Despite their intriguing stories and clever use of IPs, Telltale’s games have been a mixed bag on iOS primarily because of technical issues. While most of the series were either fine or at least playable, Batman: The Telltale Series left a pretty bad taste on players’ mouths because it was pretty close to unplayable on more than one instance. Well, I’m glad to say that Marvel’s Guardians of the Galaxy: The Telltale Series ($4.99) (from now on Guardians of the Galaxy) plays just fine on my iPad Air 2, despite a couple of very brief—but unobtrusive—stutters. I don’t know if this means Telltale has tinkered with the engine enough to make it work well or Guardians of the Galaxy was just less demanding than Batman; what matters is that Episode 1 of Guardians of the Galaxy should play fine on most of your devices. I will be reviewing the whole series, so expect the review score to change as more episodes release.
I’m glad the technical issues seem to be a thing of the past because the first of this new series, and Telltale’s first venture into the Marvel universe, is entertaining and manages to balance humor, gravity, and meaningful choices quite well. At the same time, though, most of the action scenes feel almost unnecessary, and the game’s engine is definitely showing its age, which results in occasionally wooden-looking characters. Add to that lines that aren’t always delivered very convincingly, and you have a good—but not great—episode. If you like the Telltale formula, you’ll enjoy Episode 1; if you don’t, this won’t be the one to draw you in.
In case you aren’t familiar with Guardians of the Galaxy, this peculiar splinter of the Marvel universe definitely fits the definition of a team of misfits. You’ve got Star-Lord, a human (?), the ex-assassin Gamora, the destructive and humorless Drax the Destroyer, the sentient tree-like creature called Groot, and Rocket Raccoon, an anthropomorphic raccoon. As you can tell, these aren’t the kind of characters you’d expect to see team up, and Telltale’s Guardians of the Galaxy definitely plays on that idea, but more on that in a bit. If you’ve enjoyed the recent Guardians of the Galaxy movie, you’ll be glad to know that the Telltale series has a similar feel; the humor that comes out of such a team of misfits transitions well into the game, so expect silly jokes, funny lines, and entertaining moments (like the incredibly slow elevator scene). In terms of humor, Guardians of the Galaxy will remind you of Tales from the Borderlands more than any of the other Telltale series, and that’s a good thing.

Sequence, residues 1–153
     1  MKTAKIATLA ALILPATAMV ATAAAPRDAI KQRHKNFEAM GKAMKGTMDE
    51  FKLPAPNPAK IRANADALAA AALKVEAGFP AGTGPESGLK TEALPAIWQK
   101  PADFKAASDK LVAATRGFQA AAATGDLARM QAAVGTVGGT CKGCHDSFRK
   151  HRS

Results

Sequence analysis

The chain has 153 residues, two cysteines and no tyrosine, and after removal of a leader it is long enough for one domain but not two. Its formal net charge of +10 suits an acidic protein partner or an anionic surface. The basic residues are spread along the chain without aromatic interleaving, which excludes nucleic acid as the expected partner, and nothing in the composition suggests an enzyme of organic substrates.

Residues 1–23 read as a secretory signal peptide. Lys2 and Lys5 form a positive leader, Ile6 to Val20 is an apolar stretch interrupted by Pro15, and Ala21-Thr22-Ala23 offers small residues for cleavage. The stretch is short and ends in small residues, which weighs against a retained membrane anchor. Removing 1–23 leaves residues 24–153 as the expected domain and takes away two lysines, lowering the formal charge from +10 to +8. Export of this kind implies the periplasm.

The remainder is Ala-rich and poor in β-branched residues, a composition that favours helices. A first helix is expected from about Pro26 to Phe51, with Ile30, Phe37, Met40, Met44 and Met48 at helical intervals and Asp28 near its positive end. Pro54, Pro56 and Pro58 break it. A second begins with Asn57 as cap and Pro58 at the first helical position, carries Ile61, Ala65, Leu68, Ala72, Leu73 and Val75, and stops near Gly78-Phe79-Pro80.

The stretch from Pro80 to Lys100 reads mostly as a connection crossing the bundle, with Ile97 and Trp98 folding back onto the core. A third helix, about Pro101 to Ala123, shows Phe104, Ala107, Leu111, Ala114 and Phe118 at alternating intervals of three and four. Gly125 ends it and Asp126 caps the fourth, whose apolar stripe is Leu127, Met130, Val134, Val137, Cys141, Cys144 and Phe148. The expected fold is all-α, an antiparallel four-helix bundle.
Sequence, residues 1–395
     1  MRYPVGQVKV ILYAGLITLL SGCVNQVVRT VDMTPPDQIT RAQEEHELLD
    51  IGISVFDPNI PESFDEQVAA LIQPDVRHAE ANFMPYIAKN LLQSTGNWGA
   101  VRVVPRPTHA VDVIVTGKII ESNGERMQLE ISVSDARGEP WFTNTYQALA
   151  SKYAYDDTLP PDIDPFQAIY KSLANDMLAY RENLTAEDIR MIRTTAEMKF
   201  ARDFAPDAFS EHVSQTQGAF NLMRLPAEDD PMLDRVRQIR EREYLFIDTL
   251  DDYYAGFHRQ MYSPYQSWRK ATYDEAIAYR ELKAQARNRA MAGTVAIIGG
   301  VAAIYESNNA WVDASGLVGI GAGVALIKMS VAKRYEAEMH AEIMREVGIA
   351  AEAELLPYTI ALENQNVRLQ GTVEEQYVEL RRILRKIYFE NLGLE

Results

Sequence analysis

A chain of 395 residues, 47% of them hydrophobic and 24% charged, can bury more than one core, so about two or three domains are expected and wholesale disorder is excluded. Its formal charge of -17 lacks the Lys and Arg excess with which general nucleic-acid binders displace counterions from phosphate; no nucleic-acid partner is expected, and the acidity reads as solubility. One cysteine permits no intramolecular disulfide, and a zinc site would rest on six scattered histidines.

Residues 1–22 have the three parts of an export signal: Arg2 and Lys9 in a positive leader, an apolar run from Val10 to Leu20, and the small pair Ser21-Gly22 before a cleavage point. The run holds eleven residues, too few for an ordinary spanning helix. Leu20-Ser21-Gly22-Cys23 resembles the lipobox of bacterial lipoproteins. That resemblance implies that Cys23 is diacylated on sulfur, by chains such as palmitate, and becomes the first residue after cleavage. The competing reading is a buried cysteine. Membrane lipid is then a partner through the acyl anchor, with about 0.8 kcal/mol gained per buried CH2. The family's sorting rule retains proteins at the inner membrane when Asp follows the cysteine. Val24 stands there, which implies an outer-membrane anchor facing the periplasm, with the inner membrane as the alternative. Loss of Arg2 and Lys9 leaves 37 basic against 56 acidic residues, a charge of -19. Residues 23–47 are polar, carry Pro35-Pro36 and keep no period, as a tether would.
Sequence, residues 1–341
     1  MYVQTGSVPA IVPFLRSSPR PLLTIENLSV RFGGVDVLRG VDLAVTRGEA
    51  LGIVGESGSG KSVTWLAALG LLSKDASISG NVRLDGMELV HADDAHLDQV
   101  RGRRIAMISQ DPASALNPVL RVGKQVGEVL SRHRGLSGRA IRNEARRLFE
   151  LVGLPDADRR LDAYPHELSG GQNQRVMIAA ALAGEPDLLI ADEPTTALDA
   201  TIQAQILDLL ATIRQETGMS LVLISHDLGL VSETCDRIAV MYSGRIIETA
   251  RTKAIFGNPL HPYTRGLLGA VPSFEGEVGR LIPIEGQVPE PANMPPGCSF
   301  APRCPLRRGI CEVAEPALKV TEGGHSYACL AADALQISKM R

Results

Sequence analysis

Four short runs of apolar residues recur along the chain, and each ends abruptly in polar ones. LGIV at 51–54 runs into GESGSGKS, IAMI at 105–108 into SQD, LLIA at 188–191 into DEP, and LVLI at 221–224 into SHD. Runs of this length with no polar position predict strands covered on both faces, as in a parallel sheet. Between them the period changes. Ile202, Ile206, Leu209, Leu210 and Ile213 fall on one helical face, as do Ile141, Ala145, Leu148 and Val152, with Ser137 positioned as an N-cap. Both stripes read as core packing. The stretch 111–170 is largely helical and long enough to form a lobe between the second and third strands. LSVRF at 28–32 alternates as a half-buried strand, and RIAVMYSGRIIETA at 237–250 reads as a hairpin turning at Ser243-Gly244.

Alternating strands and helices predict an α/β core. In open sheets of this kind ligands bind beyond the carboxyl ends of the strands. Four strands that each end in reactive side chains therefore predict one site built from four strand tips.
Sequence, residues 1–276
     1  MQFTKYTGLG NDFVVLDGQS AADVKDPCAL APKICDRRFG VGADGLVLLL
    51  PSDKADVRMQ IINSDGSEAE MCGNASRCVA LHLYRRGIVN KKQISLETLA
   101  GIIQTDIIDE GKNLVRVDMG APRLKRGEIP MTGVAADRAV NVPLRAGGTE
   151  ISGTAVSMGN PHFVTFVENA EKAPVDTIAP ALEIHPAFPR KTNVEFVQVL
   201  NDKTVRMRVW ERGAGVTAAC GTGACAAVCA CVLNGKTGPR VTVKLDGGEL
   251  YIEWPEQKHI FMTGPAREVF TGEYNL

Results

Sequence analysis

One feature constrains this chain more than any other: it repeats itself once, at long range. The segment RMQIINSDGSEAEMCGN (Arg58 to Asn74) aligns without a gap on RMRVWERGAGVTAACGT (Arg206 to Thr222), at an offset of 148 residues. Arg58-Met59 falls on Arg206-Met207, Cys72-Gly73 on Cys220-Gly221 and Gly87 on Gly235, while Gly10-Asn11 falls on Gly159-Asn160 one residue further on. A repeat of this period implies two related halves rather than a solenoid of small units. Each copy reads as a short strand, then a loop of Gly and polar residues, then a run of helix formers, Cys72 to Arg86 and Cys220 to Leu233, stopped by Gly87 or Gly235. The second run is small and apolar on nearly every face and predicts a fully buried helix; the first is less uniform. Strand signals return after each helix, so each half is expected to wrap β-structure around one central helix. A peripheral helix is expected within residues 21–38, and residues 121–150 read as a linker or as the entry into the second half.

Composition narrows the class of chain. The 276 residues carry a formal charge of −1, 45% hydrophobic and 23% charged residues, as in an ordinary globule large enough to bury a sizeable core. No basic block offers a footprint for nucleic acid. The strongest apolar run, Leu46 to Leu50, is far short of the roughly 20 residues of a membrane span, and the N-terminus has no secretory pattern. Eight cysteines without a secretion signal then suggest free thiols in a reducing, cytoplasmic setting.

Spoilers from here onward, so proceed with caution.
While the cinematic version of Guardians of the Galaxy has been teasing The Mad Titan Thanos as its ultimate baddie, the Telltale version cleverly jumps to the end of that storyline and starts the series with the confrontation between the Guardians and Thanos, a confrontation that quickly leads to the surprising death of Thanos. Starting the series from the (possible) end of the movie version of the franchise frees the writers to head to new directions rather than retread the same ground, and that decision pays dividends, at least in the first episode.
As I mentioned earlier in the review, Telltale focuses on how in a “normal" universe (whatever that means in a story about aliens) the Guardians wouldn’t be a thing because of how different they are and how different their motives are. What was holding them together was the threat of a common enemy, Thanos, so with The Mad Titan gone, the group starts to splinter very early on in the episode. I don’t need a crystal ball to know that throughout the series one of the recurring themes will be the Guardians splitting up and temporarily going their own way. By the mid-point of the first episode, Star-Lord has to take sides two to three times, which I’m sure will come back to bite him as the series progresses.
With Thanos becoming more of the plot device than a central character, the episode gradually shifts its attention to the Eternity Forge, the artifact that will be at the core of the whole series. This Kree artifact has all kinds of yet-unexplained powers, but its most important power in terms of narrative development is that it allows the writers to shift the narrative from outer space back to Earth during Star-Lord’s childhood. This quite-unexpected turn of events acts both as a way to diversify the narrative but also as a way to add depth to the character of Star Lord while at the same time introducing his backstory to new players.